Feedback please

SystemSystem Posts: 2,511 admin
I am new to this and solar power is now my hobby focus. I need some feedback on if I am really off base with my idea or not. Let me start by saying, this setup will only be for running a few low wattage lights outside every once in a while and running a few items during a blackout if needed, but luckily, that doesn't happen very often in my area, but it's nice to have something. Freezer would be the only thing I might run if power was out for a couple of days.
Here is what I currently have:
Cells to create a 60 watt, 18 volt panel.
Panel for the cells.
2 12 volt AGM 100 ah batteries @ 8 hour dischage rate (found these on a deal so I bought them)
1500 watt inverter
Solar Boost 2000E, 12 v 25 amp. (I probably over bought here but my thinking was for more panels in the future so it's an investment.)

From the things I am reading, it looks like I don't have enough panels to recharge both my batteries correctly but it does look like I could recharge one of them with the one panel. Does anyone have any feedback? Am I on the right track, or am I off? Does anyone have any suggestions on setup? My current plan is to keep the batteries at 12 volts but string the together and make sure to hook the inverter to a battery from the positive while taking the negative from the other battery. My plan for the panel, since this is a mobile setup was to set the panel in the backyard to charge and when bad weather really hits(aka hail) move it in till it passes. In this type of setup, would I need to ground the panel?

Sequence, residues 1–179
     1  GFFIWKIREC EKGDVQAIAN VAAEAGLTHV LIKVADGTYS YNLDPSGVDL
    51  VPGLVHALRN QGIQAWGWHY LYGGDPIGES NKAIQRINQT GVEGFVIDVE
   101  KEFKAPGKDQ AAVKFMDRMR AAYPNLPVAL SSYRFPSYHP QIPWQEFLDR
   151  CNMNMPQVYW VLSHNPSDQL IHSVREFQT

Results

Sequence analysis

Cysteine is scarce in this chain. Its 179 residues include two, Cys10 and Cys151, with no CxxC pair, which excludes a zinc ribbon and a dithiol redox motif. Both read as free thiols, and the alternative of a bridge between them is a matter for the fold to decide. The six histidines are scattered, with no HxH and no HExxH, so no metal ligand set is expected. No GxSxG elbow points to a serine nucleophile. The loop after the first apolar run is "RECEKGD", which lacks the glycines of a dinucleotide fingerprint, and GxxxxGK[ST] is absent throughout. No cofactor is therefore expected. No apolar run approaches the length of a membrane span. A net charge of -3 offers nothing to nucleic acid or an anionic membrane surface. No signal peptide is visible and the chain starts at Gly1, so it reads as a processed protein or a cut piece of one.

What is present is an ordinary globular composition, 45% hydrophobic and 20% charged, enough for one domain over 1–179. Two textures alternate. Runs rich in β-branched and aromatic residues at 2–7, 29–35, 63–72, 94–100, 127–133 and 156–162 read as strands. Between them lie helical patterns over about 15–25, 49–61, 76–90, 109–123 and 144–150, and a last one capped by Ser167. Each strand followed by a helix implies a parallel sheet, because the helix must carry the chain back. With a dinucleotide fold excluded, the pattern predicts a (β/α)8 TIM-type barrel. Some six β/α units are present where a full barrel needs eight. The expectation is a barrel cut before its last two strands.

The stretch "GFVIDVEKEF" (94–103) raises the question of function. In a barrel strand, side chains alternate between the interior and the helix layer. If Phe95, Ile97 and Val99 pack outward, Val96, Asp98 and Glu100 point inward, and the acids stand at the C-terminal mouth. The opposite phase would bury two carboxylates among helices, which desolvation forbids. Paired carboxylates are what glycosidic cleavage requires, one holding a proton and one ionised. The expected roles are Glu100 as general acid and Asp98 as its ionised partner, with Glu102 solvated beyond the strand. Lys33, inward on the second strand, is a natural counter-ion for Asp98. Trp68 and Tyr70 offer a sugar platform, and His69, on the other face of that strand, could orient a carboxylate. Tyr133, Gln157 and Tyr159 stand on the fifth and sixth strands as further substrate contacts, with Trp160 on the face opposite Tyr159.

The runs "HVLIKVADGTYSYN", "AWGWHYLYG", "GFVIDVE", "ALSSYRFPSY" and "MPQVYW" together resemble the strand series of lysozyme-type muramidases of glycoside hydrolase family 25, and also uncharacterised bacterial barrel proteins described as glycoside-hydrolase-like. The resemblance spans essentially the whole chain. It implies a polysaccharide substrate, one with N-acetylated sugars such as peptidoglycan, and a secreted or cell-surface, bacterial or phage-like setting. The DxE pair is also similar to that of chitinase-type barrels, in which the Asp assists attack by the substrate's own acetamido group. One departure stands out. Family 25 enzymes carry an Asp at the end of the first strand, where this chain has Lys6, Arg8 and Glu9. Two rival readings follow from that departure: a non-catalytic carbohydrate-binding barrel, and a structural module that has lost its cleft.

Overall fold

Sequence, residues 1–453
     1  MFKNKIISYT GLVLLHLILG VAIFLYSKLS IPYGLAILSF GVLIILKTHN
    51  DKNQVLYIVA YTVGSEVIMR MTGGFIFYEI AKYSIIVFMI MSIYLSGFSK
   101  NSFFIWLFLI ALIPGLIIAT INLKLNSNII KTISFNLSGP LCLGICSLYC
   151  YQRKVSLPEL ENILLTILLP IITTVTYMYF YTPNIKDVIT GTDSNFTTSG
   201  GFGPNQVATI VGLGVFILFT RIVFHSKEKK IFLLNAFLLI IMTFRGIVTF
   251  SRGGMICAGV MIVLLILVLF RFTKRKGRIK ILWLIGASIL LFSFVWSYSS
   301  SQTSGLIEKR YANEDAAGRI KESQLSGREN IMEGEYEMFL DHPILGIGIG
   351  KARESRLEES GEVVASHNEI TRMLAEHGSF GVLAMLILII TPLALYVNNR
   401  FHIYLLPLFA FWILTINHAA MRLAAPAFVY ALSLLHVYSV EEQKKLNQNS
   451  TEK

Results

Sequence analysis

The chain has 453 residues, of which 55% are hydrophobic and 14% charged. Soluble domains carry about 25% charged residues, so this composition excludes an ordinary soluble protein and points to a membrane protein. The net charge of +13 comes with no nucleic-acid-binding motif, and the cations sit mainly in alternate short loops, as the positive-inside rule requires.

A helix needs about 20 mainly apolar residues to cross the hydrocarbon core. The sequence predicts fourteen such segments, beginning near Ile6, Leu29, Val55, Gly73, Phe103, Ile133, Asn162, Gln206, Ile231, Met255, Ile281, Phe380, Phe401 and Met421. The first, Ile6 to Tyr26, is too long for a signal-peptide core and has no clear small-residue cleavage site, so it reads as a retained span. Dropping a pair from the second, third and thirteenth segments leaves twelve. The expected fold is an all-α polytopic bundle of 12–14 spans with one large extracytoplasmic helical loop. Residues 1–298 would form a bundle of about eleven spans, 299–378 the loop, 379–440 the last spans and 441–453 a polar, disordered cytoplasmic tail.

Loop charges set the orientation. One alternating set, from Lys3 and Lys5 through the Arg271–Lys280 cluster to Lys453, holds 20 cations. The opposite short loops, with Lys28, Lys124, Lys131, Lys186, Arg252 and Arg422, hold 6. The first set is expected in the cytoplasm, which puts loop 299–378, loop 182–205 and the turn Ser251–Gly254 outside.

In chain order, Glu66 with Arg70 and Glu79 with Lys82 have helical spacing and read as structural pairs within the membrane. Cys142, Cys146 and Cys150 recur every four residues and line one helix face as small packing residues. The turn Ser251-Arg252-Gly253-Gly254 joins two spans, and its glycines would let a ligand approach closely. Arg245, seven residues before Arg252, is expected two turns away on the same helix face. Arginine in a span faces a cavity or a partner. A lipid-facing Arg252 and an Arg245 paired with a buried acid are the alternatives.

I appreciate any advice you can give me!

Comments

  • CariboocootCariboocoot Banned Posts: 17,615 ✭✭
    Re: Feedback please

    Welcome to the forum.

    You may be a bit optimistic about charging even one of those batteries with that panel. You might realistically expect 3 Amps from 60 Watts, and that's rather low even for 100 Amp hours. With good sun and light use it might work.

    As for back up power for the freezer ... Forget it. Refrigeration equipment is a big power user. It has high start-up demands, wants pure sine wave power, and will use significant Watt hours over time.

    Have you read all the warnings here about homemade panels? They are not only difficult to build, but inevitably fail. Sometimes dramatically.

    Sorry; this looks like a horrible load of bad news. :blush:

    To actually recharge those two batteries, btw, you'd need about 400 Watts of panel.
  • System2System2 Posts: 6,290 admin
    Re: Feedback please

    Thanks for the feedback. It's not horrible news, it's just a learning curve!